chipKIT conference call: Yes, it’s all open source
Microchip, makers of PIC mircocontrollers, must feel left out of the hobby buzz surrounding the Arduino. Unable to buy Atmel outright, they did the next most sensible thing and released a duo of open source Arduino-compatible boards. Microchip got the guys at Fair Use Building and Research to add PIC support to the Arduino IDE. Existing Arduino sketches will compile, without changes, and play on cheaper, more powerful hardware. On Friday we talked to a bunch of people involved in the project and asked your questions from the forum.
chipKIT source code was released over several days after a huge launch at Maker Faire. There was a lot of internet speculation that Microchip wasn’t being entirely open. Some components, like the bootloader, weren’t released until the end of last week. Other stuff, like the hardware files, are distributed by Digilent instead of the project github.
Everyone on the chipKIT team seems genuinely dedicated to making this project fully open source, that’s great news from traditionally-closed source Microchip. The software, including bootloader, IDE, and compiler, are licensed GPL with source hosted at github. Multiplatform hacks to the Arduino IDE will be merged back into the official client. Both PCBs are done in Eagle and licensed CC BY-SA, but note that they are multi-page and require the non-free version of Eagle to edit.
Microchip still has some work to do. Some of the features advertised on the Max32 box, such as USB and Ethernet, can only be supported with free-as-in-beer-but-not-as-in-speech closed source drivers. This means you can’t share a cool project using the Max32’s ethernet if it includes Microchip’s driver. The community is also barred from porting Microchip’s ‘free’ drivers to Microchip’s own open source development platform. Digilent will release an ethernet/USB shield soon, it will be interesting to see what drivers they provide.
We’re hopeful that the new platform and Arduino IDE integration helps fill the void in open source support for Microchip’s stuff. We’ve been testing Honken and JTR’s open source USB stack on the MAX32, we encourage Microchip to donate a driver to the community as well.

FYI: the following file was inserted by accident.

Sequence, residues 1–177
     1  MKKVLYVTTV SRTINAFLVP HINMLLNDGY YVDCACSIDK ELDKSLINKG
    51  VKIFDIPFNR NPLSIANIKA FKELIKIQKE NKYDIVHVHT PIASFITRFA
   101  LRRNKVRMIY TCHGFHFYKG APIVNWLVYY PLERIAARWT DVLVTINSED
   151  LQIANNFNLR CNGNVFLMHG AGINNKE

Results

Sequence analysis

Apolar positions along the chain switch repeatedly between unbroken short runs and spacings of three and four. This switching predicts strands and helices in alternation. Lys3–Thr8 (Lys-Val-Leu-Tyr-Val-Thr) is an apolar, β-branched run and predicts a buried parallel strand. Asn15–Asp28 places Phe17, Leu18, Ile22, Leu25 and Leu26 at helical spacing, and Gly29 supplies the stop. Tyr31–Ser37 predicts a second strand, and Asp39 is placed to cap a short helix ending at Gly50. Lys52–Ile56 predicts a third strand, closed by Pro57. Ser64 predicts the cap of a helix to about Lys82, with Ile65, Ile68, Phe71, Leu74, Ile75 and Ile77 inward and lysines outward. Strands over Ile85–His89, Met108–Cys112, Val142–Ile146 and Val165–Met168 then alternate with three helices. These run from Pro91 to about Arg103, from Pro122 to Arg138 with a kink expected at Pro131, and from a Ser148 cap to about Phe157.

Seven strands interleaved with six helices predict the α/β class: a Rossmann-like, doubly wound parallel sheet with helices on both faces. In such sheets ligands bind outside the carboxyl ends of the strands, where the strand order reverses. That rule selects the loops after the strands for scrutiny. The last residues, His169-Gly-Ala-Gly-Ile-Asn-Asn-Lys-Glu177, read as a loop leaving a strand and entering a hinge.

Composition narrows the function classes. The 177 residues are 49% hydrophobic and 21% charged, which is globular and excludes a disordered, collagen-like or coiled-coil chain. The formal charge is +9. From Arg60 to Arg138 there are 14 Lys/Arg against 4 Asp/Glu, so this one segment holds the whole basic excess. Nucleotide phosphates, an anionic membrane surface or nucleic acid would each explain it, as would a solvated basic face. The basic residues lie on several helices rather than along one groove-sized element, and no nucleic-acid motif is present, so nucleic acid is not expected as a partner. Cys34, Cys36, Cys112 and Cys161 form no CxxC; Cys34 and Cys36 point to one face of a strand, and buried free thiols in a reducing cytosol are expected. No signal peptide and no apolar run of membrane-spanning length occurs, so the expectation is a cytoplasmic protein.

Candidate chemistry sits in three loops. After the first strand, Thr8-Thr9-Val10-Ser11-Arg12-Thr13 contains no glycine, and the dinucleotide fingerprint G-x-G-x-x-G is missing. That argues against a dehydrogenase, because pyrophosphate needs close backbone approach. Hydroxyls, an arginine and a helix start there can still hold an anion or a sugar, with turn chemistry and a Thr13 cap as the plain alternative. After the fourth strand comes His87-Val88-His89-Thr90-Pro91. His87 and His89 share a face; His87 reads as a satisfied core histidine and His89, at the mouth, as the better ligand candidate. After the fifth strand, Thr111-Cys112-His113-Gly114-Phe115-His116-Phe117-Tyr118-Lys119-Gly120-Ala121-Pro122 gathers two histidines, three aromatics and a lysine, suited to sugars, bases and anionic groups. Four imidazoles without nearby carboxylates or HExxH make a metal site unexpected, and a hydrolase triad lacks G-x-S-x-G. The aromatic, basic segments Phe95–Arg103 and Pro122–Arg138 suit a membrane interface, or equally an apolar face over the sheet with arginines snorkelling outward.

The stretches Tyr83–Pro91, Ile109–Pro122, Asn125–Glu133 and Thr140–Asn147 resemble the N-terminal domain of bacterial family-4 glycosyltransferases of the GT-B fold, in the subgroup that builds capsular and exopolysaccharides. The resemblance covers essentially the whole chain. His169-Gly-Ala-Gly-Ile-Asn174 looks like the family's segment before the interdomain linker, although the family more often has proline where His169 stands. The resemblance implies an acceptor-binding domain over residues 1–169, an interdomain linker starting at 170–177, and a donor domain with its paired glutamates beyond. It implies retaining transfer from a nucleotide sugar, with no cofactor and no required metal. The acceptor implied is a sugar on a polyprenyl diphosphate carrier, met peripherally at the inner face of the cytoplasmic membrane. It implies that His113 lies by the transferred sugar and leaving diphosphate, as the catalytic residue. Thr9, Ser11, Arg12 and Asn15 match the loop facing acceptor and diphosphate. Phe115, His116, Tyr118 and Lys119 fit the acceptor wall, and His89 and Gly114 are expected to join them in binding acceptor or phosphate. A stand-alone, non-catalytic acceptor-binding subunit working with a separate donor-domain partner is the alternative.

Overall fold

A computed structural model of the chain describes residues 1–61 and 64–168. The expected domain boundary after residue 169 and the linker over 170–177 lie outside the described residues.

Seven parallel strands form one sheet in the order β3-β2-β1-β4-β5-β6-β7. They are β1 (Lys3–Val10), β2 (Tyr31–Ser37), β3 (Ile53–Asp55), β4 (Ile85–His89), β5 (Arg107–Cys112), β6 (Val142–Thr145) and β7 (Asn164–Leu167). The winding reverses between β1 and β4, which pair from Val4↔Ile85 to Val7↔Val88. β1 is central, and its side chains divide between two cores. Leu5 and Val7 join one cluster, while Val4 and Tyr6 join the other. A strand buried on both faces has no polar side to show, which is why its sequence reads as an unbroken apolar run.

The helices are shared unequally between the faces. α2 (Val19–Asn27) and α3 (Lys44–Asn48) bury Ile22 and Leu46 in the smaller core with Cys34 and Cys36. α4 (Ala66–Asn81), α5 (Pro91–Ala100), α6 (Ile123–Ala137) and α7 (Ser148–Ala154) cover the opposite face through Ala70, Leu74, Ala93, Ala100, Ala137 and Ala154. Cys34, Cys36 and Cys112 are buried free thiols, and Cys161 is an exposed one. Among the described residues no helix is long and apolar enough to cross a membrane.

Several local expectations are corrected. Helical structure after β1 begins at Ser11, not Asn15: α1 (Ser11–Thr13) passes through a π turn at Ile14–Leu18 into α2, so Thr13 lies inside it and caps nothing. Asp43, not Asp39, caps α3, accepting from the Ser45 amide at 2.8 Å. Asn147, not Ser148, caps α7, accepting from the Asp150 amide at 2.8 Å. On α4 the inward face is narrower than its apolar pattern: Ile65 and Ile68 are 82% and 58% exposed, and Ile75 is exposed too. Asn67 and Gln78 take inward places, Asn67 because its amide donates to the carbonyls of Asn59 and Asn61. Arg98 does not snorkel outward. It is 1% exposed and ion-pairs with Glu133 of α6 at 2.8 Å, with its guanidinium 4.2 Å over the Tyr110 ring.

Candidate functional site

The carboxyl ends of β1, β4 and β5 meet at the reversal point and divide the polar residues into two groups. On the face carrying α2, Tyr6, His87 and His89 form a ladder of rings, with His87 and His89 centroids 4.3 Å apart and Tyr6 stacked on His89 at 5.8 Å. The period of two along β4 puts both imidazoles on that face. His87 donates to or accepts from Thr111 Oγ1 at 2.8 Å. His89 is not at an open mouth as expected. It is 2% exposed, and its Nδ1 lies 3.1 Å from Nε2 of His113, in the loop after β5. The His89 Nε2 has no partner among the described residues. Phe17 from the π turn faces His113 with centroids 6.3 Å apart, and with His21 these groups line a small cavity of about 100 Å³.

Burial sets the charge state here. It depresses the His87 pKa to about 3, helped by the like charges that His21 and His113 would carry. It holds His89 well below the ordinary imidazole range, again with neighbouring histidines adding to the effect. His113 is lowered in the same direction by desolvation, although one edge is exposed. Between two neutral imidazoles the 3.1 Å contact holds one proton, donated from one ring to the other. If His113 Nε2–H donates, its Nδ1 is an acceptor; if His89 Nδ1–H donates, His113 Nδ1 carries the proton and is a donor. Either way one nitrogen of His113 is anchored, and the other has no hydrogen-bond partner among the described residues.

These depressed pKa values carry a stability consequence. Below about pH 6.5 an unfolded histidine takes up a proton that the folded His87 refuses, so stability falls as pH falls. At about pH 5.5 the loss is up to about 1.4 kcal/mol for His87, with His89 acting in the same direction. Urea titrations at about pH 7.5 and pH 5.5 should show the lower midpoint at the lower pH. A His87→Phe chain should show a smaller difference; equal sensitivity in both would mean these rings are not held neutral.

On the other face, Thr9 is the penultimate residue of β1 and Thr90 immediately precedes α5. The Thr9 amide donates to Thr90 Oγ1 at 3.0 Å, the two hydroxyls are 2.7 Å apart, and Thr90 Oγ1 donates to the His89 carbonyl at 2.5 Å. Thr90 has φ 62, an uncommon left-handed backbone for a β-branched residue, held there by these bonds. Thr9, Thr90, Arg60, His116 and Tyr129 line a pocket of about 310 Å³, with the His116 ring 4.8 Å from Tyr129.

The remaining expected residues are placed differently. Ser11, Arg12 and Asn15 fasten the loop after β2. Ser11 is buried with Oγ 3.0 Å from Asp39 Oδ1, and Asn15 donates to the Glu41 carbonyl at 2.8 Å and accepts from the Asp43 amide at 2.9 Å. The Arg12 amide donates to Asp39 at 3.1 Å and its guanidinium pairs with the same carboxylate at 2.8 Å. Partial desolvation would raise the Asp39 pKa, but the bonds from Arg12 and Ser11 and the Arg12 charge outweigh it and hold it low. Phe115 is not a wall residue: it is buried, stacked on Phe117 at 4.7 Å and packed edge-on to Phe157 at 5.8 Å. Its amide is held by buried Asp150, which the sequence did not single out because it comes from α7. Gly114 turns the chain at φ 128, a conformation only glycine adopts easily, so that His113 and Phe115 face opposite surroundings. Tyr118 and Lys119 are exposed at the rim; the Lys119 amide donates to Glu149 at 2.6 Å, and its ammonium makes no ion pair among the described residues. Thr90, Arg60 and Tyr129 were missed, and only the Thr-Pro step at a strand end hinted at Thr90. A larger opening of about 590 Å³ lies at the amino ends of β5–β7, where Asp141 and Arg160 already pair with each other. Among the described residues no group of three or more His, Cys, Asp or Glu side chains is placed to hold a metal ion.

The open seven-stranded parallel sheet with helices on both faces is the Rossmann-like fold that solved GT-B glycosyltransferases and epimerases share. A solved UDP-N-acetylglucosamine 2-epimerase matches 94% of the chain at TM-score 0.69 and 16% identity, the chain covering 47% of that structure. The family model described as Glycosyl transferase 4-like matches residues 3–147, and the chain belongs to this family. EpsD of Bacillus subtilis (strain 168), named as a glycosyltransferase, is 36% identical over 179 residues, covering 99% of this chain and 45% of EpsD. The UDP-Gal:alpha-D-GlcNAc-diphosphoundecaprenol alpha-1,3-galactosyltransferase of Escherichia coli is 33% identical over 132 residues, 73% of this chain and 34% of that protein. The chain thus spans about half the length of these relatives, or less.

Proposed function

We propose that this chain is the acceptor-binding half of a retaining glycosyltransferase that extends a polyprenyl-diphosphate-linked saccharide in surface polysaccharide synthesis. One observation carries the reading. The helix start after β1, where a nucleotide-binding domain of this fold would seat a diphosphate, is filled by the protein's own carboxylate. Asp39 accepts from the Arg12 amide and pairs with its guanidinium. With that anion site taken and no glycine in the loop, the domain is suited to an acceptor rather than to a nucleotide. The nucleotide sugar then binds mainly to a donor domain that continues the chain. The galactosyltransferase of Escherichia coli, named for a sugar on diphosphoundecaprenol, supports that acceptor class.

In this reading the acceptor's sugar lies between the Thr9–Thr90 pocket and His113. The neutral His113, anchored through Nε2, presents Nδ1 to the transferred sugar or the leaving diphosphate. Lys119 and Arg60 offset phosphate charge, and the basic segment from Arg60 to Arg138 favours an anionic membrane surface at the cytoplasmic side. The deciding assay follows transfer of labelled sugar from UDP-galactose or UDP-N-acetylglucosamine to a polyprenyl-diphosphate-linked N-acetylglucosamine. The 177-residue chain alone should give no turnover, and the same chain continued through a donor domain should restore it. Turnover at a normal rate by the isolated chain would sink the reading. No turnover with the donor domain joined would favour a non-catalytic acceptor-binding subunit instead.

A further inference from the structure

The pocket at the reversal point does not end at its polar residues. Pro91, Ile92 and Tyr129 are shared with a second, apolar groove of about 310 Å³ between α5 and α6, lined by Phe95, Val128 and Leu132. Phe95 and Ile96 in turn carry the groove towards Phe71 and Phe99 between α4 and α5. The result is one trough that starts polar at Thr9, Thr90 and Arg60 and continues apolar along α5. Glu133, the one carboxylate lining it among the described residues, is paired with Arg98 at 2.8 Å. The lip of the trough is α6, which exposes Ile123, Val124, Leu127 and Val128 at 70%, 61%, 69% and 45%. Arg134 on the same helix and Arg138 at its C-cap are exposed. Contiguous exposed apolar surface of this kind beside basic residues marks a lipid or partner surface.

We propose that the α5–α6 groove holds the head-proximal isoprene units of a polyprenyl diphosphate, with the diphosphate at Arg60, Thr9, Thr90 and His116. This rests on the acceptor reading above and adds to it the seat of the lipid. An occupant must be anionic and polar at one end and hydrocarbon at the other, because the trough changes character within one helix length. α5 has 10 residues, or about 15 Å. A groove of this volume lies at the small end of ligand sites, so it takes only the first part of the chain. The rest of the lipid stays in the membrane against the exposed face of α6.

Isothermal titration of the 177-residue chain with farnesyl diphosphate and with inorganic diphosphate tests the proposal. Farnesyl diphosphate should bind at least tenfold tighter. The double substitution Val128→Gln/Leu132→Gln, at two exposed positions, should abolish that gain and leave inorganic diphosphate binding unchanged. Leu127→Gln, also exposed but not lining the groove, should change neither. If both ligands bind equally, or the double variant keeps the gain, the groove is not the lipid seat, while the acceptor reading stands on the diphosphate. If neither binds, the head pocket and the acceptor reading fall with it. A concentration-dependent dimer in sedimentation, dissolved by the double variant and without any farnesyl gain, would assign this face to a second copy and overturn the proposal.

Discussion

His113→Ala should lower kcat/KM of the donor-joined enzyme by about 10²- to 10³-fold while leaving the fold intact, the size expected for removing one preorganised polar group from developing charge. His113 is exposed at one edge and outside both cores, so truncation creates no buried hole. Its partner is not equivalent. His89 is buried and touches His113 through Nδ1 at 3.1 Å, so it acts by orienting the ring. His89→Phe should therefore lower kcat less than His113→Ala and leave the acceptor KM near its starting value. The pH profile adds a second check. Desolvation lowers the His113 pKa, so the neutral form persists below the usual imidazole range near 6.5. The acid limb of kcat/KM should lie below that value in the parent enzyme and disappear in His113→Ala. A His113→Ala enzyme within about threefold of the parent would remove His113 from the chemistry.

Markus and LisandroP both get a chipKIT board for their excellent questions, and teedeeus and jamodio get free PCB coupons.
Thanks for your questions, and thanks to everyone at Microchip and FUBAR Labs for talking with us.
You put a lot of work into adding multiplatform support to the Arduino IDE. Is Microchip working with the Arduino crew to unify efforts?
Yes, post v1. Arduino team is super busy right now.
When the Arduino team releases a new version of the IDE what will be the lag for an updated chipKIT MP(multiplatform)IDE?
Development version is kept at parity with the main trunk.
The PIC on the Max32 boasts USB 2.0, CAN, and 10/100 Ethernet MAC. Are these already supported by open source libraries with MPIDE?
Not yet. Want it to be open source. Just core library support for now.
Microchip already supplies excellent drivers for this hardware, but the licenses don’t allow sharing, which is a big part of the Arduino community. Do you have any suggestions for users who want to make projects that support the USB, CAN, or Ethernet and share their code?
A shield with USB and ethernet are coming. Community can come up with it, how long will it take? Port LUFA. Corporate guys see source changes as bug not a feature. [ed: the shield is from Digilent, it will be very interesting to see what the driver situation is at launch]
How do you take advantage of the speed and the extra capabilities of a PIC32 in existing Arduino projects?
Computational things are faster, maker faire Mandelbrot LCD graphic demo
Any suggestions to port libraries with strict timing requirements?
Some potential to use a separate clock on peripherals.
What’s the difference between the ChipKIT compiler, and the C32 compiler? Both based on GCC, but C32 has optimization restrictions after a 60 day demo, chipkit supports C++?
No restrictions, all optimizations, no debug. Different compiler than C32, called chipkit compiler instead.
Microchip is known for keeping parts of the compiler closed. We could only find a license file in your github repository that forbids modification. What gives?
Is open source, in different repository. Putting everything out under the same license. Giving to community. If you see other licenses tell us, we’ll fix it.
Can we talk a little about shield compatibility. chipKIT is a 3.3volt system, and most shields are designed with 5volt IO in mind. The PIC pins are 5volt tolerant, but what about CMOS 5volt inputs that need 3.7volts or more?
? [ed: we were looking for a discussion of TTL vs CMOS inputs, Microchip’s appnotes usually recommend open collector outputs with a 5volt pullup resistor in these situations]
Why not PIC 24 with PPS (ability to move hardware to different pins)?
Possibility, 32bits to start.
Any plans for PPS on PIC 32?
See us in 6 months.
Do you plan to track shield incompatibilities? Ruggedcircuits.com notes a few issues with the pinout: there’s no PWM on D11 so it doesn’t work with their rugged motor driver, and the PIC doesn’t have interrupts on every pin.
Start a thread in the chipKIT forum.
This entry was posted in interviews, PIC and tagged chipKIT.